3thingstoknow about Block Constructed:
Once one of the premier Constructed formats (supporting a PTQ season, a PT, and multiple GPs), Block’s support has been scaled back to essentially a
Magic Online—only format outside of the yearly Block PT.
Block is one of the cheapest formats to get into on Magic Online (MODO)â€”with the most expensive card, Tezzeret, Agent of Bolas, at 30â€”and events fire
multiple times a day.
Block does not currently have a well-defined metagame and is a great place to be rewarded for innovations.
Bonus: The defining restriction of Block Constructed is the lack of fixing, making decks that run more than one color prone to being unable to cast
their spells consistently.
The Block Metagame
Block is a fairly diverse metagame with rogue (which I use to describe any deck with fewer than four pilots) decks making up 20% of the field. The
following chart shows the percentage of decks played (not just decks that went 3-1 or better) in various DEs (Daily Events) and PEs (Premier Events)
from 9 April to 23 April.
The defining deck of the block metagame is Steel White Weenie (making up almost 30% of overall played decks), a deck which primarily relies on a number
of cheap artifacts and its namesake to have a powerful early game combined with Hero of Bladehold (a card which has slowly increased in popularity) to
close games. The deck is also capable of killing via poison through the use of Inkmoth Nexus in combination with multiple battle cry creatures and/or
While Tempered Steel is capable of incredibly powerful starts, it also has its weaknesses. Its reliance on artifacts makes commonly run maindeck and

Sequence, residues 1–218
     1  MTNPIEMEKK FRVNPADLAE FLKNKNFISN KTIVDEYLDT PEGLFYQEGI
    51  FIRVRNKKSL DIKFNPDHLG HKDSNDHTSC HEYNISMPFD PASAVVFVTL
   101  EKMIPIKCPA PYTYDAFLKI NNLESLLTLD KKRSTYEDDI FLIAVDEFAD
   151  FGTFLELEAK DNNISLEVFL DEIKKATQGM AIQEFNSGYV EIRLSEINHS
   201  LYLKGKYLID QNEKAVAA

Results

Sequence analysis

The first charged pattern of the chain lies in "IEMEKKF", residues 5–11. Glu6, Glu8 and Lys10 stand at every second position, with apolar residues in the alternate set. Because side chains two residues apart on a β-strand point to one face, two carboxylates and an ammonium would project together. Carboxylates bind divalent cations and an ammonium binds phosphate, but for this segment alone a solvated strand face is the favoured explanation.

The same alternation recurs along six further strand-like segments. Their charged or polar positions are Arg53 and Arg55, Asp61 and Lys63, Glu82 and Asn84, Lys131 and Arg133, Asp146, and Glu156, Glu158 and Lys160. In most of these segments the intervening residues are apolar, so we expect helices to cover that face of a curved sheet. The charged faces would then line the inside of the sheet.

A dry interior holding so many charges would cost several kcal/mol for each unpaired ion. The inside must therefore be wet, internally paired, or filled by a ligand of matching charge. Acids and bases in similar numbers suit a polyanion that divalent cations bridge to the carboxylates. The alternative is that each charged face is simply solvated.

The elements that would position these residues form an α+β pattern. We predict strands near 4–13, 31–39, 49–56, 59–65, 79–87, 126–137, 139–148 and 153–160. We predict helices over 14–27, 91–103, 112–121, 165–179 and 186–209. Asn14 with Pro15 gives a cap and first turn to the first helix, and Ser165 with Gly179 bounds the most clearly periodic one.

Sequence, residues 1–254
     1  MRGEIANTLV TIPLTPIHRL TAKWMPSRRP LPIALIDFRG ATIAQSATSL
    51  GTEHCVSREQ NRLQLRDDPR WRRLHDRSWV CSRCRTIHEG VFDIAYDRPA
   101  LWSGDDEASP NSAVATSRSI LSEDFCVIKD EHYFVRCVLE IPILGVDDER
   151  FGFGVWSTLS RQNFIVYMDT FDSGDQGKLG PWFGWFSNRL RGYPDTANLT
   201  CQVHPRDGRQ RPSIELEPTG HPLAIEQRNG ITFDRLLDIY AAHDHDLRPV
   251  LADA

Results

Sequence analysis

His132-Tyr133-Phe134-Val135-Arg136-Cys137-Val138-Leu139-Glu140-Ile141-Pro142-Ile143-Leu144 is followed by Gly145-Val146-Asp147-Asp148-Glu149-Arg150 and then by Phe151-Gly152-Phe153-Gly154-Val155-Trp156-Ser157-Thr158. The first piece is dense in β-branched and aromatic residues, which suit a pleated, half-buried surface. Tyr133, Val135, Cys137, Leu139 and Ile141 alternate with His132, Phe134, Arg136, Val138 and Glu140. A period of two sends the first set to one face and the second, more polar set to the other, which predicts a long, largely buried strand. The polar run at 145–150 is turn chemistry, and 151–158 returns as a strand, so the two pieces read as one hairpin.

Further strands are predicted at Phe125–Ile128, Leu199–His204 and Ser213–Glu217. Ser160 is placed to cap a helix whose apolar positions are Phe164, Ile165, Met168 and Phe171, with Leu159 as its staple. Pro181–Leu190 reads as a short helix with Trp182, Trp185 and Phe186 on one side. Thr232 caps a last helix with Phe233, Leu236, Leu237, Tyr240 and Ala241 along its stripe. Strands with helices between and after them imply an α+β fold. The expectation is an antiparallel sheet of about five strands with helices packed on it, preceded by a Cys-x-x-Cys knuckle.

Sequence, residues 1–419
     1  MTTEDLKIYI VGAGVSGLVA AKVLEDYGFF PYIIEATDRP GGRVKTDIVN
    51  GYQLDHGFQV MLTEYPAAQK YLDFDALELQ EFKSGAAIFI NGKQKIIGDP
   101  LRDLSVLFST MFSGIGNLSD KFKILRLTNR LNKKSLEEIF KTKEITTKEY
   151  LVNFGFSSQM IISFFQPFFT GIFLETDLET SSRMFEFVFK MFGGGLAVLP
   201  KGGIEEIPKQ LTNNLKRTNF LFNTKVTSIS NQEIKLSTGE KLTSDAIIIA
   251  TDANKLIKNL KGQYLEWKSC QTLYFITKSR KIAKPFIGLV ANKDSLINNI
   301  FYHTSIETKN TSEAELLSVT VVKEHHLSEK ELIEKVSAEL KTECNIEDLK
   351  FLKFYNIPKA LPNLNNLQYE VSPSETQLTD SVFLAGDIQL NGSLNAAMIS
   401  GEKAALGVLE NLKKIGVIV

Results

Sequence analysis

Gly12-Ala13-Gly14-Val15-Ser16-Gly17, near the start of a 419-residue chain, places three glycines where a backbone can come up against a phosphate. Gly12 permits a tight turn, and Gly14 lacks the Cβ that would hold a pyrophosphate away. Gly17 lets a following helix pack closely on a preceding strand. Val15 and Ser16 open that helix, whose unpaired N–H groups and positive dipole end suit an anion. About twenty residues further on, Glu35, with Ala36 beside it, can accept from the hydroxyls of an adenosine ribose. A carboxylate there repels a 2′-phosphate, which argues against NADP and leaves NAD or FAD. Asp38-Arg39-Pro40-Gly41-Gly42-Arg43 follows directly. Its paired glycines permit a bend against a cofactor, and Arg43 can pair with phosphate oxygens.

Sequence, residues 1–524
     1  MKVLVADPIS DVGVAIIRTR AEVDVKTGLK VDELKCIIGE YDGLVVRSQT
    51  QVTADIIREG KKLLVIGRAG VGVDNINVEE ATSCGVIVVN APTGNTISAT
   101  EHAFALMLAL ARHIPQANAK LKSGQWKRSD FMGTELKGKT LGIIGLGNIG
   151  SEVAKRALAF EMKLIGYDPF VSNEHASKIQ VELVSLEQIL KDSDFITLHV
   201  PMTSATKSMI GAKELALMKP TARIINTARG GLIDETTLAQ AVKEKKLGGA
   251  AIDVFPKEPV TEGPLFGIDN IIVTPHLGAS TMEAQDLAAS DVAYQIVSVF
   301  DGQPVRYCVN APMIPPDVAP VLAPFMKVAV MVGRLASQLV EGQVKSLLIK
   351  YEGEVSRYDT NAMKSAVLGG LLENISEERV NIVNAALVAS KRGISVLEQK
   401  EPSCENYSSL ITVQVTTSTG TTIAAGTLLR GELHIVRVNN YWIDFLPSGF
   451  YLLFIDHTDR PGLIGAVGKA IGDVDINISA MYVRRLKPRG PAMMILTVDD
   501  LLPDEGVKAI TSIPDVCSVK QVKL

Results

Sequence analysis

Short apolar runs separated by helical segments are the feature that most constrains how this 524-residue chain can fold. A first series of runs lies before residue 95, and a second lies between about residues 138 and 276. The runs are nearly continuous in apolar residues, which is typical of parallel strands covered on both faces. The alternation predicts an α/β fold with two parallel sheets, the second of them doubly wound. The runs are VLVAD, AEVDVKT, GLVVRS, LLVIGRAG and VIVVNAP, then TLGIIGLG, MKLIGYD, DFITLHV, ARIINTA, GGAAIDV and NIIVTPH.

sideboard cards (Into the Core, Revoke Existence, Divine Offering, Slice in Twain) potent, and once WW’s early assault is contained, other decks’ more
powerful late games can take over.
Tempered Steel is not the only way to take a white aggro deck. Recently, a more midrange mono-white deck (with a strong focus on artifact removal with
four maindeck Divine Offerings) has been performing well in Block events.
- 2 Leonin Skyhunter
- 3 Sunblast Angel
- 4 Mirran Crusader
- 4 Hero of Bladehold
- 4 Accorder Paladin
- 4 Leonin Relic-Warder
The deck concedes speed for increased versatility and resilience against other decks’ artifact hate; the tradeoff is not without consequences though,
as the deck is much more vulnerable to other decks’ removal spells (Black Sun’s Zenith and Go for the Throat).
There are two breeds of mono-red Koth decks: Battle Cry Red and the (now resurgent) Big Red. Battle Cry Red was developed by MODO ringer ksh early on
in the format as a way to combat the Tezzeret, Agent of Bolas and WW decks, which made up over 50% of the field. It had a number of maindeck cards
devoted to this purpose (four Shatters and four Phyrexian Revokers).
- 26 Mountain
Battle Cry Red’s game plan involves developing a strong board presence and using removal in combination with four-power haste creatures to bring an end
to the game quickly with a long game plan involving Koth of the Hammer’s ultimate.
Big Red is reminiscent of Mirrodin block Arc Slogger red decks, which consisted of mana acceleration, removal, and large creatures to take control of